“Swell with pride, my worthy mind, and never cease to aspire until thou reign sole king of thy desire.”
— 2.3 —
The Moor Muly Mahamet, Calipolis (his wife),their son, and two other Moors who served them stood near each other in the mountains of northern Morocco.
Muly Mahamet asked rhetorically, “Where are thou, boy? Where is Calipolis?”
They were in a wild area, not in a luxurious palace.
He looked around at the wild area and said, “Oh, deadly wound that passes by my eye! Oh, fatal poison of my swelling heart!”
He paused and then mourned, “Oh, fortune constant in unconstancy!
“Fight earthquakes in the entrails of the earth, and eastern whirlwinds in the hellish shades! May some foul contagion of the infected heaven blast all the trees, and may the unpropitious night-raven and tragic owl in their cursed high places breed and become foretellers of my fall, the fatal ruin of my fame and me!”
The screeches of night-ravens and owls were bad omens.
Muly Mahamet continued, “May adders and serpents hiss at my disgrace, and wound the earth with anguish of their stings!”
He then addressed the absent Abdelmelec, who had replaced him as King of Morocco, “Now, Abdelmelec, now triumph in Fez; fortune has made thee King of Barbary.”
Calipolis, his wife, said, “Alas, my lord, what use are these huge exclamations of pain to help us in this distressed estate?
“Oh, pity our distressed condition, my lord, and turn all curses to humble lamentations, and those lamentations to actions of relief!
“I faint from hunger, my lord; and cursing complaints cannot refresh the fading substance of my life.”
Muly Mahamet said, “Let all the world faint, rot, and be accursed, since my power faints and is accursed.”
Calipolis said, “Yet have patience, lord, so you can conquer sorrows.”
In this society, wives called their husbands “lord.”
Muly Mahamet said, “What patience is for him who lacks his crown? There is no patience where the loss is such. The shame of my disgrace has put on wings, and swiftly flies around this earthly ball.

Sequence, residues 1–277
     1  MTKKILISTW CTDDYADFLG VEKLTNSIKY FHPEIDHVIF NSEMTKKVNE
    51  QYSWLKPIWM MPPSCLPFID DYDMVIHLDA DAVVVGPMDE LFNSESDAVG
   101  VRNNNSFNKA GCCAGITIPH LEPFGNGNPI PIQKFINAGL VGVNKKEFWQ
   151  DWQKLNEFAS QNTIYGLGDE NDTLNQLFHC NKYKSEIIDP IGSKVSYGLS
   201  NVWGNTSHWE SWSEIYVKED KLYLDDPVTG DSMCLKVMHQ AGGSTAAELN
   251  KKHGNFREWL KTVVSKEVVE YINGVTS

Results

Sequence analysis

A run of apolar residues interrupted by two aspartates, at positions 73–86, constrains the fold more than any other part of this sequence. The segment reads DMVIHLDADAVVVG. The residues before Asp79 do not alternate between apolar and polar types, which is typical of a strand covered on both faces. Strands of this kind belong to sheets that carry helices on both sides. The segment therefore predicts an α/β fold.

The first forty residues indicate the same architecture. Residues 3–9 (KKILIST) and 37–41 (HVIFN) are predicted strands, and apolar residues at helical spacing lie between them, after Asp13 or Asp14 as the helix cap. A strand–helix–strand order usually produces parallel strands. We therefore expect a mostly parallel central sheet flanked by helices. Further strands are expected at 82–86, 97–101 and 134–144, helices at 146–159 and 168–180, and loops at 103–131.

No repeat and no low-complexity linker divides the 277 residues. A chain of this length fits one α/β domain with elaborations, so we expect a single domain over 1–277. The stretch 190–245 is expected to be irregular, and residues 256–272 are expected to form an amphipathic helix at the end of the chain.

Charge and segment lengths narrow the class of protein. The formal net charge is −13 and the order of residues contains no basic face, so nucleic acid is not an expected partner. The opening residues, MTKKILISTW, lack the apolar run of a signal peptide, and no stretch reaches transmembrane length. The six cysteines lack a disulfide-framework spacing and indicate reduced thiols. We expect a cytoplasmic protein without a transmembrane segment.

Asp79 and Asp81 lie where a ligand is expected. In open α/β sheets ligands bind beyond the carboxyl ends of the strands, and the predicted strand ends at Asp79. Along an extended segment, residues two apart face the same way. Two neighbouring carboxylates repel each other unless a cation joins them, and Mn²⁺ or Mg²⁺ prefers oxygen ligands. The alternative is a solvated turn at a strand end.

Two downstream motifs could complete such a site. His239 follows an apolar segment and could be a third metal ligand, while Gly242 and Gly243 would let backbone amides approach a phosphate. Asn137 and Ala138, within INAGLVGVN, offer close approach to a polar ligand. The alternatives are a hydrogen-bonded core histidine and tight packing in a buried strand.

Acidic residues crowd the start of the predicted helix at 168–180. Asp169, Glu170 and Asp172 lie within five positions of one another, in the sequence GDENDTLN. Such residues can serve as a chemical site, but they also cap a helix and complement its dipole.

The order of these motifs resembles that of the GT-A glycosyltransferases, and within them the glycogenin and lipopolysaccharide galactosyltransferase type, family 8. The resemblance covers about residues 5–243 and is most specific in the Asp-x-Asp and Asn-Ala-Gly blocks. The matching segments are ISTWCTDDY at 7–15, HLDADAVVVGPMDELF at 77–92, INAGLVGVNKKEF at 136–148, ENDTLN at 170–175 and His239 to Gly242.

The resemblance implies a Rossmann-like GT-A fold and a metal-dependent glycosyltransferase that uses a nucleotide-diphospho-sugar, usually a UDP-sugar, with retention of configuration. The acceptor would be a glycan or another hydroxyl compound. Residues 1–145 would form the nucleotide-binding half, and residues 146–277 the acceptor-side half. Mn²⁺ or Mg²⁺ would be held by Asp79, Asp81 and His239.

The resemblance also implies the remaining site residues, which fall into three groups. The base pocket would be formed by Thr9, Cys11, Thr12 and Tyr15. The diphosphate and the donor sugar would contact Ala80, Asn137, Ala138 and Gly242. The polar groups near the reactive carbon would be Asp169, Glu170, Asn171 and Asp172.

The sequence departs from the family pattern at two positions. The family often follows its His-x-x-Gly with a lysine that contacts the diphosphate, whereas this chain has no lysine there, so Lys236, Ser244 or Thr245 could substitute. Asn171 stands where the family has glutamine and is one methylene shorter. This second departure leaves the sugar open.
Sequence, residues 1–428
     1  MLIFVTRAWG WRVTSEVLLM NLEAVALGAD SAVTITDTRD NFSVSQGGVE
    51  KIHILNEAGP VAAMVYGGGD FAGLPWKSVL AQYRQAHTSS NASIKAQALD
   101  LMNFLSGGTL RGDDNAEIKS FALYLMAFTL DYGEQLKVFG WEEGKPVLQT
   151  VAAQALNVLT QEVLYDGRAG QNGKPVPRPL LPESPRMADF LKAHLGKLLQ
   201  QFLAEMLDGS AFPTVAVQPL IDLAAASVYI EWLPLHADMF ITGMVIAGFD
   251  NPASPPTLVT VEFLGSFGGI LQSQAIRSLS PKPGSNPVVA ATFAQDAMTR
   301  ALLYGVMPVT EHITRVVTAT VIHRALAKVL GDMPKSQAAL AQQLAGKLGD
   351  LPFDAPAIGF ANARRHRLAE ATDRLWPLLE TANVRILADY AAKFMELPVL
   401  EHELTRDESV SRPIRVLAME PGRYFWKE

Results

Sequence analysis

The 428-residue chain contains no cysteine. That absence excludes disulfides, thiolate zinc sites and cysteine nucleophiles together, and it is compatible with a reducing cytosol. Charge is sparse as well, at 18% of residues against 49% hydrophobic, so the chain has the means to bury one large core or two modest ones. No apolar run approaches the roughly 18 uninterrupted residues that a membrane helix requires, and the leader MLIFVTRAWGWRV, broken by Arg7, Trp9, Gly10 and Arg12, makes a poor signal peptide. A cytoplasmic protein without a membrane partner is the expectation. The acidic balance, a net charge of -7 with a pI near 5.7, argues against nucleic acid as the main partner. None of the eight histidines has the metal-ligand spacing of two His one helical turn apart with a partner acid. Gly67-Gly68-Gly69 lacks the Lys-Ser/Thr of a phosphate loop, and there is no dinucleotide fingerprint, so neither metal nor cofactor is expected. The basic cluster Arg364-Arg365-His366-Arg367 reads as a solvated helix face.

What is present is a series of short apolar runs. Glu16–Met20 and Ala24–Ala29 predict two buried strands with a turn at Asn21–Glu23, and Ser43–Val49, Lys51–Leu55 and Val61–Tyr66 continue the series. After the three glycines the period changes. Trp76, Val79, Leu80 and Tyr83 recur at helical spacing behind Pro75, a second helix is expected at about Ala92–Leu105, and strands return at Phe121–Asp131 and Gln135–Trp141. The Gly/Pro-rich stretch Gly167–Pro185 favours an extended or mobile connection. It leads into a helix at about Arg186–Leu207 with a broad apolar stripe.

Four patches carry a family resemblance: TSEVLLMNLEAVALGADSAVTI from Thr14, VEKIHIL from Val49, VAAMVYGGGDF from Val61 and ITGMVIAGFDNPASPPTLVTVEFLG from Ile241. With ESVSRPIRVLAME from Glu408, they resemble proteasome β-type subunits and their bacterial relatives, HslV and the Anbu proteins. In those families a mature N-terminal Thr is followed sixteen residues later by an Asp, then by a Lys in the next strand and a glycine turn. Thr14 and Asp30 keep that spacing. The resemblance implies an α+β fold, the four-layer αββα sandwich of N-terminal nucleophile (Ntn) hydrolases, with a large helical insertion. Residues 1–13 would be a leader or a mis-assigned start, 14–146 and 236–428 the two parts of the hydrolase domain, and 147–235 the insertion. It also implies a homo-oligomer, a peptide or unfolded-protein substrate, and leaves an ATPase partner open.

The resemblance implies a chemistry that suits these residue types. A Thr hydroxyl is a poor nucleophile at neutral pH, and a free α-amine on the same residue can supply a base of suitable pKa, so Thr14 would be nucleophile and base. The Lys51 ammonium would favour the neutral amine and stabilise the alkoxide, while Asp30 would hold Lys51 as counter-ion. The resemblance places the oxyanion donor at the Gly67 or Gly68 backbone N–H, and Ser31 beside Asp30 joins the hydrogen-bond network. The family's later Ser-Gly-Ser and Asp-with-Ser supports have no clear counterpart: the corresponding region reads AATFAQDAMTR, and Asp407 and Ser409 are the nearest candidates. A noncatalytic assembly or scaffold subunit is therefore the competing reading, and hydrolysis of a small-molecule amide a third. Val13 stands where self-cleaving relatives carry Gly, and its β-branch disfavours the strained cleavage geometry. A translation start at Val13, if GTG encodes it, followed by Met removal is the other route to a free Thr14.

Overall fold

“Do thou care to live, then, foolish Calipolis, when he who should give essence to thy soul, he on whose glory all thy joy should rest, is soul-less, glory-less, and desperate, crying for battle, famine, sword, and fire, rather than calling for relief or life?
“But be content, thy hunger shall have an end. Famine herself shall waste away to death, and thou shall live. I will go hunt in these cursed solitary lands, and make my sword and shield here my hounds to pull down lions and untamed beasts.”
He exited to hunt food.
Muly, Junior said, “Tush, mother, cherish your disheartened soul and feed with hope of happiness and ease. For if by valor or by strategy my kingly father can be fortunate, we shall be Jove’s commanders once again and flourish in a three-fold happiness.”
One of the Moors with them said, “His majesty Muly Mahamet has sent Sebastian, the good and innocent King of Portugal, a promise to resign the royalty and kingdom of Morocco to his hands.”
The Moor Muly Mahamethad promised to give much power in Morocco to King Sebastian of Portugal if he would help him defeat Abdelmelec.
Muly, Junior continued, “And when this lofty offer takes effect, and instills boldness in Sebastian, my gracious lordMuly Mahamet— warned wisely to think this over — I don’t doubt but will watch for opportunity, and take her forelock by the slenderest hair, to rid us of this miserable life.”